By Jacinda Ardern, Prime Minister of New Zealand
OPINION: This past week I attended the World Economic Forum in Davos, Switzerland.
This year’s Forum was a great opportunity to meet with other world leaders, to talk about some of the things that matter most to us – how we can best tackle climate change, address mental health, and build better trading relationships.
It was also a chance to promote our upcoming Wellbeing Budget – which will be among the first of its kind in the world.
Doing things differently
Each year, one of the key jobs of Government is to set out its annual budget.
How we structure the Budget – what we choose to invest in, where we choose to save – says a lot about what we stand for.
It lays out our priorities for the year ahead, and it lets people know where we hope to be in 12 months’ time, and long into the future.
We don’t think you can measure the success of a country through dollars and cents alone.
With this Budget, we’re widening our focus.
Alongside GDP, we will measure ourselves against five key priorities that will make real improvements to the lives of New Zealanders. We’ve used evidence to identify the five areas we can make the greatest difference.
We will measure how well we grow innovation and social and economic opportunities in the digital age, and also how well we transition businesses, regions, and iwi to the sustainable and low-emissions economy we need to tackle climate change.
As New Zealanders, we’ve never been the types to let our size get in the way of what we want to achieve.
We will also measure how we do in lifting the incomes, skills and opportunities available to our Māori and Pacific people, and how well we are supporting the mental wellbeing of all New Zealanders, with a special focus on under 24-year-olds.
Finally, we will measure how well we’re doing in reducing child poverty and improving child wellbeing, including addressing family violence.
Like the Government, our Wellbeing Budget puts people at its centre.
It requires us to set targets, report on our progress, and create strategies to ensure we’re looking after the wellbeing of our people – because what gets measured, gets done.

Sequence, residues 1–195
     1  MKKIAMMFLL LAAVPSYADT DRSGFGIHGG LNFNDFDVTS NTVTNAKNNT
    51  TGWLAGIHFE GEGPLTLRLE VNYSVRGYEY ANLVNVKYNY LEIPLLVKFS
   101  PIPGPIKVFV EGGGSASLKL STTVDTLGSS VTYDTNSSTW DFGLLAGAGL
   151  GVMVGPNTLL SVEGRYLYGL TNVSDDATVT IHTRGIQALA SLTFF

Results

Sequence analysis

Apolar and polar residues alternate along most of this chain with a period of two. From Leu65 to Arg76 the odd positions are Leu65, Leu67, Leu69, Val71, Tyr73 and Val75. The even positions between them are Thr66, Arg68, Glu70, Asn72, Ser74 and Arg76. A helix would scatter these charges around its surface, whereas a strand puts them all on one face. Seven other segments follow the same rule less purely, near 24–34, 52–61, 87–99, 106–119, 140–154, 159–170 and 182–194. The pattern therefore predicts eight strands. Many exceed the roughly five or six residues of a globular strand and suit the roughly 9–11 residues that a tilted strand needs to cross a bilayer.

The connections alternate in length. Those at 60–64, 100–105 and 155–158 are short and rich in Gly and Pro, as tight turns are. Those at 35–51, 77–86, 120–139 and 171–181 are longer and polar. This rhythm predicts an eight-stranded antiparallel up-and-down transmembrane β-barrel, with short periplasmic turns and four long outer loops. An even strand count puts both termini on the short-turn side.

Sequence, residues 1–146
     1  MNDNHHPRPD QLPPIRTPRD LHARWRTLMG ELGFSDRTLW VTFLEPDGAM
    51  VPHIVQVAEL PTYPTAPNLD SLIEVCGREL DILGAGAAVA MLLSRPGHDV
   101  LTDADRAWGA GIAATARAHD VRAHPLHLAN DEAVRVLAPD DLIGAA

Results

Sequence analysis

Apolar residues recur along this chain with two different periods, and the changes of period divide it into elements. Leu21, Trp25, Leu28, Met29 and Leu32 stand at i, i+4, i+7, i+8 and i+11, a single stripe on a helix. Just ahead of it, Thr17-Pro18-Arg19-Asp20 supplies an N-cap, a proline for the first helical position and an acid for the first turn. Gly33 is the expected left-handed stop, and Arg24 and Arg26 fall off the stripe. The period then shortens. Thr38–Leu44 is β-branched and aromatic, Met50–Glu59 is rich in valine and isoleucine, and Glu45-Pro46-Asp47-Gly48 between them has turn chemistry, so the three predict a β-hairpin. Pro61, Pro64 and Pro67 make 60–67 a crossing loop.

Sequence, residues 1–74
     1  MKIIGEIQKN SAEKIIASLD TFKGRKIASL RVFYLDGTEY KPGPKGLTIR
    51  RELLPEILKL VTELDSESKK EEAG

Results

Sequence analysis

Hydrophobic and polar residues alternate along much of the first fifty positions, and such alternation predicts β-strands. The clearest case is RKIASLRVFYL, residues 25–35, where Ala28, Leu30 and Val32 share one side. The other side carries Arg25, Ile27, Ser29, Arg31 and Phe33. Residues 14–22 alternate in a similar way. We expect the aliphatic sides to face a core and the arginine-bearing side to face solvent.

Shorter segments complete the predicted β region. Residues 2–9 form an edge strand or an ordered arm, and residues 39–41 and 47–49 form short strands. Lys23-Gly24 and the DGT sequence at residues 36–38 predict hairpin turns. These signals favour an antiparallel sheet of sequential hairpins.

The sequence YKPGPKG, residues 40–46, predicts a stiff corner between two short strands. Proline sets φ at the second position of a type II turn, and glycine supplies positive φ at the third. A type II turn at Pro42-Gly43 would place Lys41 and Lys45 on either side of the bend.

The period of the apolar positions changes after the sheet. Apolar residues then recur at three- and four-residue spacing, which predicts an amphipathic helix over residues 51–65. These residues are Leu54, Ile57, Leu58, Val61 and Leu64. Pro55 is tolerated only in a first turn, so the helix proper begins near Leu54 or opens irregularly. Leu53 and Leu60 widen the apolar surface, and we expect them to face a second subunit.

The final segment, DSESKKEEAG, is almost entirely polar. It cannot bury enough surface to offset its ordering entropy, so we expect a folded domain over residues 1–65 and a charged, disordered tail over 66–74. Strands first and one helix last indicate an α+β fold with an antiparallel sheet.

We will continue to measure economic growth, balance our books responsibly, run a healthy surplus, and spend well within our means - but by widening our focus, we will build an economy that is more productive, sustainable, and inclusive.
It’s a more compassionate approach – and it’s simply the right thing to do.
Trade and growth
I also used my time in Europe to meet with Prime Minister Theresa May in London to discuss our trade relationship. The mutual recognition agreement we signed means whatever happens with Brexit, our businesses will have continuity between the EU and UK.
Similarly, the EU trade agreement discussed in Brussels, a brief stop on my way home from Davos, will mean a stronger trade relationship between New Zealand and the EU, and will open up a whole lot of great opportunities for Kiwi businesses, exporters, and innovators.
My week in Europe – first London, then Switzerland, then Brussels – left me craving the warmth of our Kiwi summer, and perhaps more than a little jetlagged!
However, most of all, I feel really privileged to have had so many opportunities to promote New Zealand on the world stage.
We’re a small country, but an amazing one – and we more than hold our own next to the big players. As New Zealanders, we’ve never been the types to let our size get in the way of what we want to achieve.
With our Wellbeing Budget 2019, we are demonstrating a truly different way of doing things.
We are showing the world what putting people at the heart of Government looks like, and we’re presenting a different way to measure success.
Most importantly, we’re standing up for what we believe in.
Now that’s definitely something to be proud of.